What Continuing Education Providers Should Know About eCommerce
Increasingly, education providers are looking for learning management systems (LMSs) with integrated eCommerce. This is particularly true in the professional continuing education (CE) space, where providers need the ability to collect registration fees for live events and webinars, or charge for access to on-demand content.
However, it’s one thing to know that you need eCommerce in your LMS. Determining what eCommerce features you require and how the eCommerce experience will impact learners is quite another.
Look for an intuitive, familiar interface – like a shopping cart!
eCommerce functionality should be easy for learners to use. In our experience, ease of use improves when providers use a shopping cart style interface. Learners, after all, already use a shopping cart when they buy things online. They’re familiar with the interface, and they’ll recognize it in your LMS.
Since Rievent focuses on the CE space, we have two different user types. One is the CE provider, and the other is the CE learner. Providers want to give learners as seamless an experience as possible. Likewise, learners want to log in, perform some action, and log out. They don’t want to think about the fact that they’re using an LMS. They just want the technology to work.
A shopping cart interface gives both of these user types exactly what they want. Providers can deliver an intuitive experience, and learners can complete tasks quickly. Here are specific examples of how a shopping cart interface can function within your LMS:
- Learners register for multiple live events at different price levels. Before paying, they can view all of the events and associated prices inside their shopping cart.
- A learner wants to access an enduring activity and also register for an upcoming event. She adds the activities to her cart, then makes a single payment for both.
- Some learners aren’t sure which activities they want to complete. They add several to their shopping carts and later remove the ones they don’t need.
These are just examples of what’s possible. What’s important is that all of these actions are easy for the learner to complete.
Using different pricing levels? Your LMS should accommodate.
You probably have different pricing levels for different types of participants. Maybe you host a monthly event that has different prices for members and non-members, or maybe you need to offer discounts to learners who complete a survey in advance of the event.
Whatever the case, look for eCommerce tools that can accommodate different pricing scenarios. More specifically, you should insist on:
- Participant type pricing: We just covered this one. Whether the different price points are visible or invisible to different participant types, the LMS should support them.
- Discounts or promo codes: Freebies and incentives can increase attendance. Look for an eCommerce platform that supports discounts and/or promos.
- Date-based price changes: As the date of an event draws near, many providers increase the cost of attendance. You should be able to automate the upcoming change inside the LMS before publicizing an event.
- Tokens: Many providers use a token-based system. Don’t feel like you need to abandon or modify yours when you switch to another LMS! Just look for one that supports tokens.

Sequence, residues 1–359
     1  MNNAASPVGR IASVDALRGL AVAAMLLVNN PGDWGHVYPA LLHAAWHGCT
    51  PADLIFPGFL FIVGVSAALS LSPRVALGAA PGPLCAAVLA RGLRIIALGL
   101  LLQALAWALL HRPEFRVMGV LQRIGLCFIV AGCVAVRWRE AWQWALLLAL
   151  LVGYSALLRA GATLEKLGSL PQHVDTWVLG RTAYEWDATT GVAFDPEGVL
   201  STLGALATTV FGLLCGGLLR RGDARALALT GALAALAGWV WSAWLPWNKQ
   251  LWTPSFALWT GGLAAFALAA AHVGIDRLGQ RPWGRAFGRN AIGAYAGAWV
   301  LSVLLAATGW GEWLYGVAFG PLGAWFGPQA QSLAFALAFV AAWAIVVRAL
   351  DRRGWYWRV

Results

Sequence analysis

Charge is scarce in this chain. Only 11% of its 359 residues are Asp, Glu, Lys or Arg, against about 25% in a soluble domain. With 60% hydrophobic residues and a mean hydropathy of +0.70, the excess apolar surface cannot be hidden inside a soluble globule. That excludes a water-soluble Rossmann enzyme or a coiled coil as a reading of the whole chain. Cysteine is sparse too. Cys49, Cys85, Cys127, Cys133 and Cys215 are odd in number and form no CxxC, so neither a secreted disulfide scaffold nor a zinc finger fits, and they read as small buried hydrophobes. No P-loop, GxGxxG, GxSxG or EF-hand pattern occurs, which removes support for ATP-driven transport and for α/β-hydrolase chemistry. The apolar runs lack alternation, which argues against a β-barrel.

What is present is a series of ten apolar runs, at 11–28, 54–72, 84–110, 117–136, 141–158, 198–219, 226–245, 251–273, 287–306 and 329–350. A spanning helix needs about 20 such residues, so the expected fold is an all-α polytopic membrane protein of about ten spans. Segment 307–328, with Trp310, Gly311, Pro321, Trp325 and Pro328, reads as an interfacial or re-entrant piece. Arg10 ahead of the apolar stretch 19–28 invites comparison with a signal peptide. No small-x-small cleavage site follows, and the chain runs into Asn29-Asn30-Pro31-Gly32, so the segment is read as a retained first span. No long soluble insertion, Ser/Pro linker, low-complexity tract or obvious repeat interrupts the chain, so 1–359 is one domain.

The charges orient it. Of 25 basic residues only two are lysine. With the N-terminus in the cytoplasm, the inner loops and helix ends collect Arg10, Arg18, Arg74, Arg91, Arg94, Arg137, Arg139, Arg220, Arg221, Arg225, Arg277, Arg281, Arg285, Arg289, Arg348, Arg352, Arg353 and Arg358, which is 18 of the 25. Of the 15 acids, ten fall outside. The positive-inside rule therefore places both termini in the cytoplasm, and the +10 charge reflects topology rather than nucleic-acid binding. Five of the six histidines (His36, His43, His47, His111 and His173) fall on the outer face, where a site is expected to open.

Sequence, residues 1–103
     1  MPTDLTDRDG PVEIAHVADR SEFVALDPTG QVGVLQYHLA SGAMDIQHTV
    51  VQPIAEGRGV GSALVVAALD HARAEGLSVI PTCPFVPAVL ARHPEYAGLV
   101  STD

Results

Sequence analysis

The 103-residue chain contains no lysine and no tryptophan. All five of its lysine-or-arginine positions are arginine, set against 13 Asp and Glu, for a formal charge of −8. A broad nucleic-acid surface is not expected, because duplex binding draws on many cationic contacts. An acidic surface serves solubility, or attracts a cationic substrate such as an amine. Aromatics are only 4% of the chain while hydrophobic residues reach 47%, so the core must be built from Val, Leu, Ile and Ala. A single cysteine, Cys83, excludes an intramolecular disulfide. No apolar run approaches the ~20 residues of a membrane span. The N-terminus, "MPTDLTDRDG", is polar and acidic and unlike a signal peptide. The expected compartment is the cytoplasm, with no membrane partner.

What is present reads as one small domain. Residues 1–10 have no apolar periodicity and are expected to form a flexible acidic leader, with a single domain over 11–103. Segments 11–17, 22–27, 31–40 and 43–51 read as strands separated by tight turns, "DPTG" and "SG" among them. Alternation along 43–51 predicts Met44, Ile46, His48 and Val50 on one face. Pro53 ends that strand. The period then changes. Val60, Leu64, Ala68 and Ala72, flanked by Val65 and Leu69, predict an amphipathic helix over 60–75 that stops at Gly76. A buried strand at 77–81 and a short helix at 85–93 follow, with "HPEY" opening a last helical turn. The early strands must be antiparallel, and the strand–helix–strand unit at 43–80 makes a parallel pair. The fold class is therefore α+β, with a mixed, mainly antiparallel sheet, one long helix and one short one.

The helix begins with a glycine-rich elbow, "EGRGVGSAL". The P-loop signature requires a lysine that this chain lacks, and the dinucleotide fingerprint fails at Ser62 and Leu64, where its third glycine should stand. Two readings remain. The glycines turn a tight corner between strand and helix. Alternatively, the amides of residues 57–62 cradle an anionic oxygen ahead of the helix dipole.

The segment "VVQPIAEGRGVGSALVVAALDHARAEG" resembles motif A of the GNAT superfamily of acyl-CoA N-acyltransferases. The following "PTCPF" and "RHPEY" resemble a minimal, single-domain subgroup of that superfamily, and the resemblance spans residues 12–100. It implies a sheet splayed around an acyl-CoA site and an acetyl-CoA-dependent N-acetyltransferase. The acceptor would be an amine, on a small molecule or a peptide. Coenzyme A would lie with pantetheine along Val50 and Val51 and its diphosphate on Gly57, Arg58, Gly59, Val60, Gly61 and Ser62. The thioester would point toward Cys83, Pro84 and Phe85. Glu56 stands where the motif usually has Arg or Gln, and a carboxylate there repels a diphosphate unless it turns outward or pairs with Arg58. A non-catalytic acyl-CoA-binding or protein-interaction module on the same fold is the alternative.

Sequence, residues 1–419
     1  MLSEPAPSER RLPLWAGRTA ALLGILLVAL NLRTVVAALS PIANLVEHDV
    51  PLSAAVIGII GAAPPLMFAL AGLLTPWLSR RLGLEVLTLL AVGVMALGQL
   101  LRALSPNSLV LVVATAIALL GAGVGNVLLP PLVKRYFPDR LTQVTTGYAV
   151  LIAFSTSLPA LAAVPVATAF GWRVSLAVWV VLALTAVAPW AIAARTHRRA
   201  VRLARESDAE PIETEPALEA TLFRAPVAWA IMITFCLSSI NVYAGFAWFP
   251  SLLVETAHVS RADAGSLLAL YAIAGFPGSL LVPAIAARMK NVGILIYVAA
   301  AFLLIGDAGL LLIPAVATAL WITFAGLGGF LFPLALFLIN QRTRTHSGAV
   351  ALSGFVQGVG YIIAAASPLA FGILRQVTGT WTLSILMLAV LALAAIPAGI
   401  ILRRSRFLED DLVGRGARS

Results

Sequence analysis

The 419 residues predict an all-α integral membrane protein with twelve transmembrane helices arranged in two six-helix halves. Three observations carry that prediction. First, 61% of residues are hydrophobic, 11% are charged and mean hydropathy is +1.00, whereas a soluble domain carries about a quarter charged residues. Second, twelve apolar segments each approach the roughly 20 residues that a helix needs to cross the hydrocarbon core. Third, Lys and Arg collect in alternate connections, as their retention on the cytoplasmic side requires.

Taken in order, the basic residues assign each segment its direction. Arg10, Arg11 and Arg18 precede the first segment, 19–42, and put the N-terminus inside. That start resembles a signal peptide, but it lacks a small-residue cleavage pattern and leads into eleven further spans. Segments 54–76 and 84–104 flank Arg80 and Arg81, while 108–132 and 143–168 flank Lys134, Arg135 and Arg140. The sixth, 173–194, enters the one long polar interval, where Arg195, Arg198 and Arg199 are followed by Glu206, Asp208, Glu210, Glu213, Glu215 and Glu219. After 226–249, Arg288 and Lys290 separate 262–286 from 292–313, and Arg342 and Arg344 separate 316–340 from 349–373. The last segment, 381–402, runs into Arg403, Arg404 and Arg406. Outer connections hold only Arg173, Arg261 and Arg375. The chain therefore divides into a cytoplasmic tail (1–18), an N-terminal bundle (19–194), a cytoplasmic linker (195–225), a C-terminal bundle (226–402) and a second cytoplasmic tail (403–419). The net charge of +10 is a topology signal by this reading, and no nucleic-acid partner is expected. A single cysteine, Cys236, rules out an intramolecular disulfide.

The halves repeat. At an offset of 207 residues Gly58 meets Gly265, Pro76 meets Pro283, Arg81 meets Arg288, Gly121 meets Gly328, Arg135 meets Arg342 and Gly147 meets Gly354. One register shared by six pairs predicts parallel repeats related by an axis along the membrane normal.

- Packages: Bundling activities as packages is common across in the professional education and training world, and your eCommerce functionality should allow for it.
Also – and this probably goes without saying – make sure you select a platform that supports common payment methods. Whether the platform achieves this through Paypal integration or another mainstream payment gateway, no learner should get to the checkout screen and realize she can’t use her Discover card to register for your meeting.
eCommerce should interface with reporting tools.
Making eCommerce hassle-free for learners is a major priority, but what about the provider’s obligation to identify which courses or activities generate the most sales?
Delivering an experience that learners are willing to pay for is important because it can affect participation levels, perception of value, and, ultimately, outcomes in the learner’s professional practice. However, it also impacts providers’ education budgets, which is why eCommerce should interface with your reporting tools and show you what’s working.
At the very least, verify that an LMS reports on eCommerce by activity (or course), date, and price so you can get a clear picture of overall sales performance. The longer you monitor these metrics, the more value you’ll ultimately receive from them. By comparing current sales to past ones, you’ll gain a clear picture of your most – and least – successful activities.
Remember: It’s not just about payments.
Ultimately, eCommerce functionality should do more than simplify the process of selecting and purchasing access to a course or activity. It should strengthen the relationship between the learner and the education provider.
When providers make the entire education experience as seamless as possible – this includes everything from browsing an activity catalog, completing pre-tests and post-tests, and responding to outcomes surveys – they increase learner affinity for their programs and their brand. After all, who wouldn’t want to get their education credits from the provider who makes the whole process easy?
At the CE organizations Rievent works with, eCommerce is a crucial part of the overall learner experience. For some learners, adding activities to their cart is also the first action they complete after logging in. It’s literally how providers make a first impression for many of their newest members, enrollees, or subscribers!
That’s why it pays to be picky about eCommerce. It could be the difference between frustrating your learners and showing them that you’re there to help.